Forest loss in Borneo has resulted from human-induced actions like widespread timber exploitation and oil palm cultivation, as well as climate-induced events like severe droughts and wildfires, particularly in ENSO years (Chen et al., 2016; Gaveau et al., 2014, 2016; Sloan et al., 2017). The Malaysian state of Sarawak is a hotspot of deforestation containing concentration areas with over 5% annual forest loss due to unsustainable and damaging logging practices (Miettinen et al., 2011). Deforestation in tropical regions with high precipitation is a major cause for the siltation of watersheds by leaving cleared areas prone to soil erosion (Storlazzi et al., 2015; Vijith and Dodge-Wan, 2018).

Terrestrial sediment- and pollutant-runoff into the coastal waters, and sediment resuspension caused by land use changes and dredging, are serious issues for the status of coral reefs. By covering coral colonies and hardground, as well as by staying suspended in the waterbody and thereby increasing turbidity, eroded sediments have various negative effects on coral growth, reproduction and recruitment, resilience to diseases and photosynthesis by symbiotic zooxanthellae (Fabricius, 2005). The combination of both local-scaled human-imposed stresses and global-scaled climatic stresses and their complex and synergetic interactions puts coral reefs in a crisis.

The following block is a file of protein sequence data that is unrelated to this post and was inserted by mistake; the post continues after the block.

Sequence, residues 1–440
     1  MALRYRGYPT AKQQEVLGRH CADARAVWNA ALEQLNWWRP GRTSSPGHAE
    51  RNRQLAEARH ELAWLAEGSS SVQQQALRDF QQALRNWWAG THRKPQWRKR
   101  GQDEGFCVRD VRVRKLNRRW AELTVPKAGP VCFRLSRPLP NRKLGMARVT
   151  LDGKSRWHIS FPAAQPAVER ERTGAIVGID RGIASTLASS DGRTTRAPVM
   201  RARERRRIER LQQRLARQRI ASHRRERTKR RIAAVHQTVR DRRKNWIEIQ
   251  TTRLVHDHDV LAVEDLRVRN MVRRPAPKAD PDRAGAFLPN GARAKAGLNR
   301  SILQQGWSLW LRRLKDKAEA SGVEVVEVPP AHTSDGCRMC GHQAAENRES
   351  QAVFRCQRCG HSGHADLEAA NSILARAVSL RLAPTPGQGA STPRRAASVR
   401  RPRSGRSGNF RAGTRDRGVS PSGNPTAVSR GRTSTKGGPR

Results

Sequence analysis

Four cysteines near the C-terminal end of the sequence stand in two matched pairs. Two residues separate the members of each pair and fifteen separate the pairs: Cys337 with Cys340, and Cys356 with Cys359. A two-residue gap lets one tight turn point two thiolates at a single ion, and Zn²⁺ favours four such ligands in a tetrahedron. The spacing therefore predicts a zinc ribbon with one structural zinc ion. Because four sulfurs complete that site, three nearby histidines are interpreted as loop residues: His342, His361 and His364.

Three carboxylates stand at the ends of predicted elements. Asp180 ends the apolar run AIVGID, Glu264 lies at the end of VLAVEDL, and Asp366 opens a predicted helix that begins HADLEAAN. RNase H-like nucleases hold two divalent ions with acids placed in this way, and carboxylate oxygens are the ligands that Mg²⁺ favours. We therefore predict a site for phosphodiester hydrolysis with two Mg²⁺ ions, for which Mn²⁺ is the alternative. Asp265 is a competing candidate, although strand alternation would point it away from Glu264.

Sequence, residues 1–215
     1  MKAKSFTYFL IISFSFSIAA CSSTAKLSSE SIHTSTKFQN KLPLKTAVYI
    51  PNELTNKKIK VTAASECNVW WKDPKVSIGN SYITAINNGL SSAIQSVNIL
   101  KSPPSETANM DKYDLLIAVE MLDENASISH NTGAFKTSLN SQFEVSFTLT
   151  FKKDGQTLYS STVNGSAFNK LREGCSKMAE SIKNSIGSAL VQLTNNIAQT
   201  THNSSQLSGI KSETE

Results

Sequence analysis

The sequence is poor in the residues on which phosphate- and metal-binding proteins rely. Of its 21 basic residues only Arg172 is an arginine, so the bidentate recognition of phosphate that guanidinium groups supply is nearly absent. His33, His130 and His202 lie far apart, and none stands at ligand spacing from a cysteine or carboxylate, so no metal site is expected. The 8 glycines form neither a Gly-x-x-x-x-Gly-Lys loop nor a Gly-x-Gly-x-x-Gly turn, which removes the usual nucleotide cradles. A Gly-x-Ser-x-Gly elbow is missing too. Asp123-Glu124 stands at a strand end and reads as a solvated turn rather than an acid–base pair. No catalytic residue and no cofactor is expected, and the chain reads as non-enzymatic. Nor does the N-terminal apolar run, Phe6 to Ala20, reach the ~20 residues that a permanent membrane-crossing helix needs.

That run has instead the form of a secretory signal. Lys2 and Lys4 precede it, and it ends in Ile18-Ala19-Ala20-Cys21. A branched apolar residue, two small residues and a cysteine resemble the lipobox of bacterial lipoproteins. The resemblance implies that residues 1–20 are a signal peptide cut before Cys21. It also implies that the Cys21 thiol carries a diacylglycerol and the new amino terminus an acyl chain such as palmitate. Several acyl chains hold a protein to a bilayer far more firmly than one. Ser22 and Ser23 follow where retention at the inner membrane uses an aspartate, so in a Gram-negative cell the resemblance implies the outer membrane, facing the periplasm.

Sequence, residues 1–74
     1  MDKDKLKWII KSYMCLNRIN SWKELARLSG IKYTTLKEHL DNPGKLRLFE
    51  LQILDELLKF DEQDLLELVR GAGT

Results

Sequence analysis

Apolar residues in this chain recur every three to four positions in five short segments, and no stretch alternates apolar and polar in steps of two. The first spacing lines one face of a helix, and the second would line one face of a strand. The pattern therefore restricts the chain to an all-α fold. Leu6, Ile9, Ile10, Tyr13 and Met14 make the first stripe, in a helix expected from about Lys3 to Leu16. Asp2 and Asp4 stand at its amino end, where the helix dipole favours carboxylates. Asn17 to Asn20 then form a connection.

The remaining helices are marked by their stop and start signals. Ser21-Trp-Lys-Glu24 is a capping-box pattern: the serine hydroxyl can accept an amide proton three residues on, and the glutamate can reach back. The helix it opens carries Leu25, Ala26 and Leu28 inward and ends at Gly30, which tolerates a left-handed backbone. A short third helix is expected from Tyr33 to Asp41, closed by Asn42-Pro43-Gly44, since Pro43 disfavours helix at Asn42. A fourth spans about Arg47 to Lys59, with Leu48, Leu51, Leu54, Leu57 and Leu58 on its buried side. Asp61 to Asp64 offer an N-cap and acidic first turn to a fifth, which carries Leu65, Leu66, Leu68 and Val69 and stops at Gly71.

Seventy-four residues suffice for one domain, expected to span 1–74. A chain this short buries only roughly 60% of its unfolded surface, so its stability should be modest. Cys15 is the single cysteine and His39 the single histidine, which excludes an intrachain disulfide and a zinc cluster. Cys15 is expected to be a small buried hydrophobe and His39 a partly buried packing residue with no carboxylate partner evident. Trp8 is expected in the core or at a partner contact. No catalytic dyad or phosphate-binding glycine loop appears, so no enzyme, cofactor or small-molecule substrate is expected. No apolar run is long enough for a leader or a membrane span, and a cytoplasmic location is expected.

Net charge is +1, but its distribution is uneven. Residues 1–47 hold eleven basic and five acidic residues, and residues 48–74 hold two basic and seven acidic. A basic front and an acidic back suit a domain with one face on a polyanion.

The reefs in Miri-Sibuti Coral Reefs National Park (MSCRNP), off the northwestern Sarawak coast of Borneo are poorly studied. Weather station data is scarce in Borneo. There is limited in situ SST and light level (turbidity) data available for the coastal waters of MSCRNP from several Masters thesis (Krawczyk et al., 2018). Mostly satellite-derived SST data is available since 1981, however these data must be treated with caution for coastal areas. Thus, the lack of detailed reef assessments and poor climatic data limits the analysis of temporal change of the coral reefs’ status in MSCRNP.

Within this proposed project we aim to develop a spatio-temporal reconstruction of dynamics regarding SST, sea surface salinity (SSS), light availability, nutrient discharge and river sediment runoff based on a multi-proxy analysis of coral cores from various sites in MSCRNP, Borneo (Malaysia). Sr/Ca analysis is used for local SST reconstruction (Zinke et al., 2016). Combined Sr/Ca and oxygen isotope analysis is utilized to reconstruct the oxygen isotopic composition of the seawater related to changes in the hydrological balance (Ren et al., 2002).